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The Ethanol Debate

Posted by: Jennifer Morand

A few years ago, automakers filed a lawsuit against the Environment Protection Agency’s (EPA) decision to make E15 (gasoline with 15 percent ethanol) legal for all cars after 2007. They argued that the blend could cause damage to a majority of older cars on the road. However, since then, more research has surfaced that attests E15 is considered safe for use in model year 2001 and newer light-duty motor vehicles as they’re built with parts that can withstand the 15 percent blend. E15 is slowly springing up at gas stations and already powers NASCAR vehicles.

Growth Energy, a company that represents the producers and supporters of ethanol, came to the monthly Midwest Automotive Media Association meeting last week to provide an update to members of the automotive industry and mitigate negative claims.

Growth Energy touted ethanol’s positive attributes including:

* Stronger Economy: Ethanol uses American labor, American resources and American ingenuity. By raising the regulatory cap, the jobs and tax revenue created will help put our country back on track.

* Energy Independence: Ethanol replaces 661,000 barrels of petroleum per day (most petroleum is imported from other countries).

* Less Imported Oil: In 2008, The U.S. imported more than $1 billion dollars of oil a day, meaning the U.S. is dangerously dependent on foreign oil.

* Reduced Car Emissions: Ethanol has replaced the harmful gasoline additive MTBE in most states, and also reduces formaldehyde and carbon monoxide emissions. Additionally, ethanol reduces greenhouse gas emissions by as much as 59 percent compared to gasoline.

* More Jobs: For every one billion gallons of ethanol produced, 10,000 to 20,000 jobs will be created.

* Agriculture: U.S. ethanol production has created new, value-added markets for farm products, revitalizing agriculture and reducing government farm subsidies.

* Better for the Environment: Beyond reducing our air pollution, ethanol also replaces oil imported from overseas – reducing the likelihood of oil spills.

* Rural Development: New ethanol plants have spurted up across the country, reinvigorating the heartland, and creating hundreds of thousands of jobs. Additionally, this is creating opportunity for building new rails, factories and pipelines.

* Lower Gas Prices: Ethanol helps save consumers money at the pump, potentially keeping the gas prices down by anywhere from 29 to 40 cents per gallon.

* More Reliable Energy Source: Ethanol is 100 percent renewable, so we’ll never run out of the resource.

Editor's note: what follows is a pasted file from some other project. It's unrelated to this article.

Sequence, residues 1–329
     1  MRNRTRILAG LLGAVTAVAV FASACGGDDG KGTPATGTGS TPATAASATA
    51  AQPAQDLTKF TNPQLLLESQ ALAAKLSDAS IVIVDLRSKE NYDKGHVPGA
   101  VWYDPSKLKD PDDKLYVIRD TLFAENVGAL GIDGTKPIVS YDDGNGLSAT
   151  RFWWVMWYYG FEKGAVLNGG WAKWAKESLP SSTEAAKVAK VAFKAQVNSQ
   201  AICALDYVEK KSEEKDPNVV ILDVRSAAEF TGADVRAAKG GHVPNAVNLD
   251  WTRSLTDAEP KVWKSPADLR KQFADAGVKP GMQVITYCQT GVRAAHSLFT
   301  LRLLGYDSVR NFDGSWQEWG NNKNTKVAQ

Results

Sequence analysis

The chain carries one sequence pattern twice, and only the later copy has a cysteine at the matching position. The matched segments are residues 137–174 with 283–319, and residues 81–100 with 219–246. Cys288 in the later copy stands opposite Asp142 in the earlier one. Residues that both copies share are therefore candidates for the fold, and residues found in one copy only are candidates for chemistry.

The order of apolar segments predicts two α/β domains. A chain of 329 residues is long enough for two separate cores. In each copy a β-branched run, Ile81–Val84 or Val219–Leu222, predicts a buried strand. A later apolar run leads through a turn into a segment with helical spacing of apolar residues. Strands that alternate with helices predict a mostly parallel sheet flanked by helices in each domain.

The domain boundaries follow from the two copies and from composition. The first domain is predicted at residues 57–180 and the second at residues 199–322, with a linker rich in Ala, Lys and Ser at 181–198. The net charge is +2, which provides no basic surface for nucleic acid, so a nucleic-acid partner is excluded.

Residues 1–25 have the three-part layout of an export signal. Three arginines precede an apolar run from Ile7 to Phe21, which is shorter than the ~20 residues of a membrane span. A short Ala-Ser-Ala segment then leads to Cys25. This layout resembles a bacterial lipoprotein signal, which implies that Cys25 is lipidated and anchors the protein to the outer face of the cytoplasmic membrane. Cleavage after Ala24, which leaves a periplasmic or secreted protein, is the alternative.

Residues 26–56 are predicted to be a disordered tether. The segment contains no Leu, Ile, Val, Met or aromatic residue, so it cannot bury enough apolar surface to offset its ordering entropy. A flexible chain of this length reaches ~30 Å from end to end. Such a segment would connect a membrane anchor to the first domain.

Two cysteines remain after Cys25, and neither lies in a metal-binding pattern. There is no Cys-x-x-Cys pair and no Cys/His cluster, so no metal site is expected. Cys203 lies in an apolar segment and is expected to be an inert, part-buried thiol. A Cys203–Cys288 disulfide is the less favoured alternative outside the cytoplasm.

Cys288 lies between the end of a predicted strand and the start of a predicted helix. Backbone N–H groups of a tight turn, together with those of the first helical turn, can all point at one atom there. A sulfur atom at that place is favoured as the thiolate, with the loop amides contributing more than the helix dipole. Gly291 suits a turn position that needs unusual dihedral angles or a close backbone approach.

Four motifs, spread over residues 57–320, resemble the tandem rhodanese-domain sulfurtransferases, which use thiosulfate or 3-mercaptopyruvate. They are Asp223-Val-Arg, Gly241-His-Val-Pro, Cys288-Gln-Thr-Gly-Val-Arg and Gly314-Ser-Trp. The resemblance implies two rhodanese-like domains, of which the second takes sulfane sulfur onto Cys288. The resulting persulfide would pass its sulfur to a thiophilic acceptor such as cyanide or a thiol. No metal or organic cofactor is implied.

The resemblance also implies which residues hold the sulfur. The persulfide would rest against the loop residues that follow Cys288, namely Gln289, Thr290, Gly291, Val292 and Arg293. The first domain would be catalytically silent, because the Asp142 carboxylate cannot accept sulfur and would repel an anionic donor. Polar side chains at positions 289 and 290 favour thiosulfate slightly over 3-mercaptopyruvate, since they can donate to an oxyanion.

* National Security: Overseas fossil fuel requires a large investment of our military forces. By using homegrown ethanol, we can begin to cut our stakes in volatile, oil-rich countries and bring our troops home.

* Renewable Energy: Ethanol reduces greenhouse gas emissions and protects the ecosystems.

* Competition: Ethanol gives gas competition, not only reducing the price of gas it’s blended into, but also preventing gasoline from having a fuel monopoly.

* Innovation: American ethanol can now be made from cellulose, a compound found in all plant matter, giving ethanol the potential to replace fossil fuels entirely within our lifetimes.

* A Better Future: With all of these benefits in mind, blended ethanol creates a better future for Americans. 

Now that you’ve heard Growth Entergy’s opinion of ethanol, granted one-sided, what are the key takeaways for consumers? If you own a 2001 model car or newer, E15 is considered safe for your engine. Additionally, unless you’re pulling a boat or another piece of heavy cargo, you won’t likely notice a big dip in your overall fuel economy. Because of its lower price, E15 is should save consumers money at the pump.

Since the EPA has approved E15, it’s ultimately up to individual businesses and consumers whether or not to adopt the blend. For business owners, adding E15 to its selections could mean an increase in sales, as consumers will be saving at the pump and are more likely to select the cheapest option – especially given the current high gasoline prices. For now, E15 remains a regional anomaly, sold in roughly 20 gas stations in Illinois, Iowa, Kansas, Nebraska, South Dakota and Wisconsin.

What are your thoughts on E15? Would you use it? Comment here, message us on Facebook or tweet us @ChiAutoShow.

E15 Image PNG IMAGE

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